There are plans by the City of Seattle to turn the Pearl Warren Building at 606 12th Ave. S. into a Naviagation Center. Mayor Ed Murray announced the plans in Feburary 2017. The Navigation Center is a 24-hour, low-barrier shelter designed to connect homeless individuals to services and transition them to permanent housing • Photo by Cathy You

An open house at Downtown Emergency Service Center (DESC)’s Navigation Center, the Pearl Warren Building at 12th Avenue, happens today, June 29, from 4:00 p.m. to 7:30 p.m.

DESC’s Navigation Center is a partnership with the City of Seattle to provide a 75-bed, 24/7, low-barrier shelter project designed to accommodate the unique needs of individuals living unsheltered in the International District/Chinatown community. The Navigation Center differs from typical shelters in that it provides 24/7 access to its guests, serves singles and couples, offers meal services, accommodates pets, and provides ample storage for personal belongings. The purpose of the Navigation Center is to provide guests with the support they need to improve their health and move toward finding a permanent home. All guests will be offered intensive, individualized case management services focused on housing attainment.

The proposal to build a 24-hour emergency shelter in the Pearl Warren building on 12th Avenue near the Little Saigon neighborhood was put on hold at the end of April, after it angered local community advocates.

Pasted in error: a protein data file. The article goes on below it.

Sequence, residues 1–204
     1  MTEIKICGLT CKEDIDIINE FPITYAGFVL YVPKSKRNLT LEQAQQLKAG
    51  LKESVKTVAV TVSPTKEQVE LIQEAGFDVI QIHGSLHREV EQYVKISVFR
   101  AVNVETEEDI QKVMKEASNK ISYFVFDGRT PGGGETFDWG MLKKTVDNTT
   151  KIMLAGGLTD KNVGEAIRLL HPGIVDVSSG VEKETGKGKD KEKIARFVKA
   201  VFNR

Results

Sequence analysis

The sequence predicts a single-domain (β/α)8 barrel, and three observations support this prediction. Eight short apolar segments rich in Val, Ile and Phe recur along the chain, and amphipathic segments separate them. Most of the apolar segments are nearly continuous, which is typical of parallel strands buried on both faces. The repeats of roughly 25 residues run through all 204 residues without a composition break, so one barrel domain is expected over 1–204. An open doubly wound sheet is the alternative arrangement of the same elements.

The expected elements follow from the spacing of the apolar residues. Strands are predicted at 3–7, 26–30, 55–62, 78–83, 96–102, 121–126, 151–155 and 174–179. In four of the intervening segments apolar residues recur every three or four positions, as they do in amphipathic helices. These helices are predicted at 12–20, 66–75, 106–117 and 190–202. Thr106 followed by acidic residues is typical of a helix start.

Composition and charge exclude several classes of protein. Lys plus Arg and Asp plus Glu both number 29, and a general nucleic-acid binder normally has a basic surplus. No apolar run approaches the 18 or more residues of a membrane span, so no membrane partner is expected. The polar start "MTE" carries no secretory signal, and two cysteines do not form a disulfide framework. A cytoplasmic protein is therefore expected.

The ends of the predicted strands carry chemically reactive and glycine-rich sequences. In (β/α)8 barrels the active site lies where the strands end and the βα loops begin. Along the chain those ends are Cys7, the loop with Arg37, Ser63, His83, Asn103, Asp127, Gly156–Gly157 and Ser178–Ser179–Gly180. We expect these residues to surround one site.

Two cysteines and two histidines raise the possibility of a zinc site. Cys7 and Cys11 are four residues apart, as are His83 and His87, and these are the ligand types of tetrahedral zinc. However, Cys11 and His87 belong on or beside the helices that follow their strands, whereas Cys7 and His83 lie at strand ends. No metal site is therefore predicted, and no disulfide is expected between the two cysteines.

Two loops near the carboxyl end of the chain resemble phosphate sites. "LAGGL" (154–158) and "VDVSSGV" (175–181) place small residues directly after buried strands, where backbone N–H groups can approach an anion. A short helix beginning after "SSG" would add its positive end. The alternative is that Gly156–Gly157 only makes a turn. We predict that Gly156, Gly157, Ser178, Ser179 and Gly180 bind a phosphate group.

Community advocates were concerned because some of them only learned about the plans to site the shelter in their neighborhood—plans the city had negotiated for months—when the plans were officially announced.

Friends of Little Saigon announced that the City would delay opening the Navigation Center, until the project receives further input from the community. Renovations on the Pearl Warren Building, on 12th Avenue South—which is owned by the Seattle Indian Services Commission—will continue, but the Navigation Center won’t begin its program “until a detailed plan is vetted and approved by the community,” according to a statement on the Friends of Little Saigon website.

Friends of Little Saigon assembled a task force to advocate for the community’s concerns and create a “space for concerned community members to bring questions and feedback.” The task force is concerned with “the negative safety, public health, economic, and cultural impacts on Little Saigon and CID communities.”

An announcement from DESC today stated that the Navigation Center will begin accepting guests on July 12.

The Navigation Center Community Task Force issued a statement earlier this week questioning the decision by the City and DESC to open the Navigation Center without the community’s submission of the Response Plan, as had previously been agreed upon.

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